Oregon Harvest

Cool start but later season warm temperatures deliver an early harvest; many winemakers and growers report plentiful crop with larger than normal, ripe clusters

September 24, 2009 — Oregon experienced a relatively dry, cold winter and early spring followed by a mostly warmer and drier than normal May through September, with average to above average heat accumulations indicating good overall growth and ripening conditions, according to Dr. Greg Jones, a climatologist at Southern Oregon University in Ashland, Oregon who monitors conditions throughout the state’s winegrowing regions.

The 2009 vintage cumulative growing degree day (GrDD) values for Roseburg (2,711), Medford (3,094), and Milton-Freewater (3,156) show a 7 to 15 percent increase through Sept. 22 vs. same period 2008, currently ahead of the last six growing seasons, and tracking the warm 2004 and 2006 vintages. For McMinnville (1,993), there is a 9 percent increase over last year at this time, but units are slightly below the six-year average (See Attached Charts 1 and 2).

Wide swings with both record high and record low maximum temperatures were observed statewide, but with little to no effect on plant growth or fruit quality, Jones said. A July heat wave that brought several days of extreme temperatures produced some sunburned clusters, but higher crop levels allowed for removal of sun-affected berries.
Harvest has officially started in all regions, with the bulk of activity in the Willamette Valley expected to begin the end of this week and into the next few weeks for all varieties, including Pinot noir. In the Columbia Gorge, some whites are coming in, with Pinot noir and other red varieties mostly still ripening on the vine. In the Walla Walla Valley, nearly all whites are in and significant quantities of Merlot and Syrah are being picked. In Southern Oregon, Chardonnay, Pinot noir, Syrah, Tempranillo, Cabernet Sauvignon and Merlot are starting to be harvested and will continue over the next few weeks.
Bud break dates were near average to two weeks late depending on region and cultivar, while bloom and veraison occurred at near average dates statewide, according to Jones.
Statewide, 2009 rainfall has been below average (See Attached Chart 3). Rain events in August and over the Labor Day weekend in the Willamette Valley allowed for continued physiological maturation of the vines and did not negatively affect the crop, according to various growers and winemakers. Rain received the weekend of September 19th and 20th elevated botrytis pressure, and growers responded with spray regimes in affected areas. Southern Oregon, Columbia Gorge and the Walla Walla Valley, on the other hand, reported minimal rain and low disease pressure, although some Southern and Eastern Oregon sites were affected by a frost in 2008, which held 2009 yields back.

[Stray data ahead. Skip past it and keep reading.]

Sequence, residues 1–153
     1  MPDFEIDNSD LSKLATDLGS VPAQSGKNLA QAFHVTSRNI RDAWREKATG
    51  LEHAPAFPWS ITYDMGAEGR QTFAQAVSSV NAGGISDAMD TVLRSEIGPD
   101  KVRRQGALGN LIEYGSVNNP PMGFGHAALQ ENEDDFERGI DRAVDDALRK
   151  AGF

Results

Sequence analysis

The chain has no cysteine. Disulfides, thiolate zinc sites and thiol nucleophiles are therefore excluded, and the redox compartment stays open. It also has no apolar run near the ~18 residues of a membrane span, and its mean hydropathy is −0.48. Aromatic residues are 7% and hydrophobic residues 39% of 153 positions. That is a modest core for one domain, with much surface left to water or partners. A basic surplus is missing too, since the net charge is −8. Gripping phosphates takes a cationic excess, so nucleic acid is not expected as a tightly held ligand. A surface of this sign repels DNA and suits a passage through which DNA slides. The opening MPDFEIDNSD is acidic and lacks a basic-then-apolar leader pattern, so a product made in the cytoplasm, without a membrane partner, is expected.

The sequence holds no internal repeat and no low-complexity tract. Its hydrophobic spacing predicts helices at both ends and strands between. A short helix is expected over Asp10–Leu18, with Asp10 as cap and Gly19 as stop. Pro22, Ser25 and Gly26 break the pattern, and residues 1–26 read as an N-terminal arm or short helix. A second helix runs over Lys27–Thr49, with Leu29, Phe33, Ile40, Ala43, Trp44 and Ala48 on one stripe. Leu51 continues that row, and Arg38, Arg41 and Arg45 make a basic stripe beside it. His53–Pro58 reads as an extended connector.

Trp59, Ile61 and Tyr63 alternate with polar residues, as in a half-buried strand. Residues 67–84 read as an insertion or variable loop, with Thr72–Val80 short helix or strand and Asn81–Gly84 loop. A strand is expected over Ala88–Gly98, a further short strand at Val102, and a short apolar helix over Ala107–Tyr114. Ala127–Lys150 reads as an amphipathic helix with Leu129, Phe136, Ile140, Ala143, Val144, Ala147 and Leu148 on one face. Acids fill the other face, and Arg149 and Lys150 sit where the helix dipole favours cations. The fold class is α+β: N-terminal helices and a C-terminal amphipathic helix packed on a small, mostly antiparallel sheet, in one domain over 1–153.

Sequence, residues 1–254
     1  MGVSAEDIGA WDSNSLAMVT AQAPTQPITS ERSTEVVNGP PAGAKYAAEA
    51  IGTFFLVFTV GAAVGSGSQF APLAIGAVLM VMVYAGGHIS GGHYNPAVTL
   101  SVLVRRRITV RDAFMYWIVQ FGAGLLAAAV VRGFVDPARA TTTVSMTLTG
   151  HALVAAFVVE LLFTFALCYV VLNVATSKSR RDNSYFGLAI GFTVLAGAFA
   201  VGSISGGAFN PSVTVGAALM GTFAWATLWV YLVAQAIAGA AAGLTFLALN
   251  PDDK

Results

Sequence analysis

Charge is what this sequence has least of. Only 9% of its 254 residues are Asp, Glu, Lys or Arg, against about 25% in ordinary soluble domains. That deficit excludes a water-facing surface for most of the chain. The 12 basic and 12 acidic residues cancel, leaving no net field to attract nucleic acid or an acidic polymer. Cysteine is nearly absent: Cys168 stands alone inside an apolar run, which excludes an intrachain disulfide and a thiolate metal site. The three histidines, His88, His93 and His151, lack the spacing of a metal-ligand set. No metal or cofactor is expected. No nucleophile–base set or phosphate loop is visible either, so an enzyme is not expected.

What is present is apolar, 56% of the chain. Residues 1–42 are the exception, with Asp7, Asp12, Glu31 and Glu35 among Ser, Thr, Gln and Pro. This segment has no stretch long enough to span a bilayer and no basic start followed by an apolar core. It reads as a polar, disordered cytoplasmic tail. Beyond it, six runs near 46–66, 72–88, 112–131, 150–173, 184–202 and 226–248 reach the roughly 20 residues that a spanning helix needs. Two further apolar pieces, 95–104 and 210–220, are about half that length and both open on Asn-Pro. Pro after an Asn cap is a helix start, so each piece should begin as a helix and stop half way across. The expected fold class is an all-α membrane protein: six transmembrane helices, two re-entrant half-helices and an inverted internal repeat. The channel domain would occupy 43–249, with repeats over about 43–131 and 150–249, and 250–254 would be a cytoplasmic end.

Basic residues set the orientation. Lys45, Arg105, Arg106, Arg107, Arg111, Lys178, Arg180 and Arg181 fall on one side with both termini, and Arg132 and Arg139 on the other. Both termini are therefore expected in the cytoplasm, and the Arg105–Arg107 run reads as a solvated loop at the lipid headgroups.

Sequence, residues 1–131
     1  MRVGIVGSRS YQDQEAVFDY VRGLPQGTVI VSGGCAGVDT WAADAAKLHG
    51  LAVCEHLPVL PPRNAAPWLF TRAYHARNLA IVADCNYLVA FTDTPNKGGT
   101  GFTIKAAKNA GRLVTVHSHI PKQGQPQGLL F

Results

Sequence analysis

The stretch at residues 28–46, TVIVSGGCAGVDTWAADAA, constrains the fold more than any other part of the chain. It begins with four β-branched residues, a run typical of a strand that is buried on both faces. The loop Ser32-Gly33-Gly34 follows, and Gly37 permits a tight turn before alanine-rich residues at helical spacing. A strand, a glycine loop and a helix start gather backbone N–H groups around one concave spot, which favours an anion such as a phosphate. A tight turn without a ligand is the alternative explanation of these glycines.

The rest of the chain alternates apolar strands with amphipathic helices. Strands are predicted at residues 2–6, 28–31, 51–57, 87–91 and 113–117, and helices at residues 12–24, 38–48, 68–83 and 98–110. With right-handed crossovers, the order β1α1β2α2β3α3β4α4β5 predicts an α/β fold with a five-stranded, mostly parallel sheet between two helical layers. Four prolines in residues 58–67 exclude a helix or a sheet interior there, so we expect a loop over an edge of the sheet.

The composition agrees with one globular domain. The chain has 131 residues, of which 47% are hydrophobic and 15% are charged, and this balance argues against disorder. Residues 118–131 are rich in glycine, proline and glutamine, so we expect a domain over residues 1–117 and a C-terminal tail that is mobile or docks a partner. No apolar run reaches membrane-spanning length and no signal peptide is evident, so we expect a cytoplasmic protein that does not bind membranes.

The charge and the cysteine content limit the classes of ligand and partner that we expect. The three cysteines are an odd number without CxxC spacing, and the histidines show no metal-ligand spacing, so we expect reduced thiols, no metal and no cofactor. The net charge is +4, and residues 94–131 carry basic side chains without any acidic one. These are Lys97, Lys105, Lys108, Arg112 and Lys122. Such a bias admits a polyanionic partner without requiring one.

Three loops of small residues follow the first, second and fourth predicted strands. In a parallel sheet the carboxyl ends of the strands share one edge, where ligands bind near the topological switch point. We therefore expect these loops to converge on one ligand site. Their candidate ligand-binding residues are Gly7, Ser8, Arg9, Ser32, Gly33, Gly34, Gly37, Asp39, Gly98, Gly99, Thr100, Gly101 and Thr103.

Growers and winemakers report a healthy crop of large, tight clusters that are ripening evenly thanks to the late season warm weather. Crop yields are higher than 2008 in the Willamette Valley, with near normal cluster sizes and yields in the Columbia Gorge, Walla Walla Valley and Southern Oregon, except where frost damage occurred.

“The current dry spell enables another long growing season, ideal for full, gradual flavor development across the state,” said Ted Farthing, executive director of the Oregon Wine Board. “Our boots are sometimes muddier this time of year, so cautious smiles prevail today amongst our growers and winemakers.”

The current short to long term forecasts call for continued above normal temperatures and below normal rainfall for the remainder of September and October, according to Jones.
The outlook has the 2009 vintage coming in above average in terms of heat accumulation, allowing growers to harvest in very good conditions.
For a list of regional spokespersons or additional insight on the 2009 vintage, please contact Stephany Boettner, Marketing & Communications Director of the Oregon Wine Board, at stephany@oregonwine.org or 503.228.8652.

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